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Drug War Chronicle
(formerly The Week Online with DRCNet)

Issue #412 -- 11/25/05

Drug War Chronicle, recent top items


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"Raising Awareness of the Consequences of Drug Prohibition"

Phillip S. Smith, Editor
David Borden, Executive Director

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Follow-up to last week's "Tell Me Why" editorial and readers responses will appear in next week's Drug War Chronicle.

Table of Contents

    despite federal interference, San Francisco
    continues to legitimize medical marijuana
    The city where California's medical marijuana movement was born has now regulated dispensaries, in a move that some lament but others see as providing further legitimacy.
    A majority in the Dutch lower house of parliament has proposed taking an experimental first step toward legalization of the supply side in the marijuana trade.
    A former North Carolina Supreme Court Chief Justice has suggested drug decriminalization to reduce street crime and the prison population. But what he's describing sounds more like legalization.
    California's medical marijuana grows and dispensaries have long been the target of thieves and armed robbers, but now they suffered their first murder, Mendocino County activist and philanthropist Les Crane.
    This week we have more guilty pleas in the ongoing Arizona smuggling sting that wrapped up a bunch of cops, prison guards, and soldiers, another cash-hungry prison guard, and a Miami cop accused of selling information to drug traffickers.
    The Austin, Texas, police officer who shot and killed 18-year-old Daniel Rocha during a minor marijuana possession bust has been fired, but another officer only suspended for 28 days.
    Though federal judges for the most part have not deviated significantly from sentencing guidelines since a Supreme Court rulings last year made them advisory, judges in Rhode Island have used the cases to reduce the infamous 100:1 disparity in crack and powder cocaine sentencing.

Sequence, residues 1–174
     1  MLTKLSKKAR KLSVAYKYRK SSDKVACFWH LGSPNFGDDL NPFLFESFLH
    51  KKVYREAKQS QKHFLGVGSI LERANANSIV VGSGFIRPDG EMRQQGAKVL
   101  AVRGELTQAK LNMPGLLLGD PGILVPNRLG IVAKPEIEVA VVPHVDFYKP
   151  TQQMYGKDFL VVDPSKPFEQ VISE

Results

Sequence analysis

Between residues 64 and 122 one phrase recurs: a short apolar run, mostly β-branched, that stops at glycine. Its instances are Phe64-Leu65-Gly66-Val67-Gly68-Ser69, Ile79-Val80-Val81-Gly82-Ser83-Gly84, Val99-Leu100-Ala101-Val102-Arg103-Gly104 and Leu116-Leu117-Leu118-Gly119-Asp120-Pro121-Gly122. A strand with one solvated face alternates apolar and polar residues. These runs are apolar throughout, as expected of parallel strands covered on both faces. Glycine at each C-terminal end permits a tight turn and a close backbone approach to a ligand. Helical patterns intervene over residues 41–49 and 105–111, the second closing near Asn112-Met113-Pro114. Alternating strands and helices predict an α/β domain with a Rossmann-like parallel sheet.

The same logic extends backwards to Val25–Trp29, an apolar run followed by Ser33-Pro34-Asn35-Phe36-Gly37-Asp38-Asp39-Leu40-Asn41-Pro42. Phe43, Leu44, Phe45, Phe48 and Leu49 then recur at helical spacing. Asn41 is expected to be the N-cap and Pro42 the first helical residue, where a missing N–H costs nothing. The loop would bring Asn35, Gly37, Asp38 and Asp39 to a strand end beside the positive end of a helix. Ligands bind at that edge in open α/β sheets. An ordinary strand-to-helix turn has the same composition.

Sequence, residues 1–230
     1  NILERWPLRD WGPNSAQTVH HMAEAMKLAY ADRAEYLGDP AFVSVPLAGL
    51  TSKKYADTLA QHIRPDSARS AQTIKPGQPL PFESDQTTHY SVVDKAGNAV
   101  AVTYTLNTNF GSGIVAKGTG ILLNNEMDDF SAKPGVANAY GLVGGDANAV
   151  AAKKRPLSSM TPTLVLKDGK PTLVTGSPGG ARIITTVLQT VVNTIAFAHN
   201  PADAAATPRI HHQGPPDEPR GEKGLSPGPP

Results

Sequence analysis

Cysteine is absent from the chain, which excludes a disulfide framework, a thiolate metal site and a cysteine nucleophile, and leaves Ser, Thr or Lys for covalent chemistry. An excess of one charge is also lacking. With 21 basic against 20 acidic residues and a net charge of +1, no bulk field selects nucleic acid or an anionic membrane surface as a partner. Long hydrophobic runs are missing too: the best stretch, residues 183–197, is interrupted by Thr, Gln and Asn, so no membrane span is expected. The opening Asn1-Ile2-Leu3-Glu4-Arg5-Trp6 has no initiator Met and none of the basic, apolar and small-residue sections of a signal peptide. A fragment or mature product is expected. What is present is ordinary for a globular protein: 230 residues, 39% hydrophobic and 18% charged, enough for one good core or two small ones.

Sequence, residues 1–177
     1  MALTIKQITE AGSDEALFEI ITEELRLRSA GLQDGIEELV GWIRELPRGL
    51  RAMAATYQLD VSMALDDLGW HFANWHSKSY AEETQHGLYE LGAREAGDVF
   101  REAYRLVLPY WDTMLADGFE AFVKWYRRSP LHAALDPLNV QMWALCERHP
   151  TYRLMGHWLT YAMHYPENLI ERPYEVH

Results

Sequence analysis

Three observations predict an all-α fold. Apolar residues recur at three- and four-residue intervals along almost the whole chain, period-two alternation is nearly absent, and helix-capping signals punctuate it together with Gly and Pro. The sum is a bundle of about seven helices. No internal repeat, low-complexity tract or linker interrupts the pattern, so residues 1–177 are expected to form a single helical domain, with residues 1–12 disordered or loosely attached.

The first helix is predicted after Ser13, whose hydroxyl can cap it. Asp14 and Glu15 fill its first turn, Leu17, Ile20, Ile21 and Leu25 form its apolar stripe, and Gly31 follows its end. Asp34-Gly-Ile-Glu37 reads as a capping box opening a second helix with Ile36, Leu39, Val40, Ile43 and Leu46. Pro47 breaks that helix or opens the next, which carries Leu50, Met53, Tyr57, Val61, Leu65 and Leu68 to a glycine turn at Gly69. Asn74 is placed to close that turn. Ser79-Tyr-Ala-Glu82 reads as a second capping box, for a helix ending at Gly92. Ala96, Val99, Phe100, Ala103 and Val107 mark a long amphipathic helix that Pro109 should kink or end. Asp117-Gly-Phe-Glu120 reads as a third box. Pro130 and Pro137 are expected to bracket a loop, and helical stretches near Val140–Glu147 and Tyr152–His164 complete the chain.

The first man convicted of running a home meth lab in Indiana's Delaware County has been sentenced to 30 years in prison by a judge who compared him to a terrorist.
    In two states where efforts to legalize the use of marijuana for medical reasons have yet to bear fruit, legislators recently held hearings on the topic.
    The government of Colombia has announced it would suspend the aerial spraying of herbicides designed to kill coca and opium crops along its southern border at the request of neighboring Ecuador.
  11. WEB SCAN:
    EMCDDA, Cato on Mexico, Jews and Medical Marijuana
    Operations and Technology Coordinator, Interfaith Drug Policy Initiative, DC Area
    Showing up at an event can be the best way to get involved! Check out this week's listings for events from today through next year, across the US and around the world!

(Chronicle archives)

1. Feature: San Francisco Regulates Medical Marijuana Dispensaries

San Francisco, the birthplace of California's medical marijuana movement, has passed an ordinance regulating the city's burgeoning marijuana dispensary scene for the first time. With more than 30 dispensaries currently operating in the city, San Francisco is home to one-fifth of all dispensaries in the state. Now, while almost all currently operating dispensaries will be allowed to stay open, it is going to be more difficult for new ones to open up, and the ones now open will face restrictions on the number of plants they can grow on site and the amount of pot patients can buy.

2004 SF medical marijuana protest,
signs attacking DEA public information officer Richard Meyer
courtesy San Francisco Bay Area Independent Media Center
While some may bemoan the end of the largely unregulated Wild West era of medical marijuana in San Francisco, others see the vote as a yet another step in the normalization of medical marijuana. "This has the value of putting the city's seal of approval on these establishments," said Marijuana Policy Project communications director and San Francisco resident Bruce Mirken. "The city has in effect said yes, medical marijuana dispensaries are a useful service that the city should license, regulate, and admit into our community."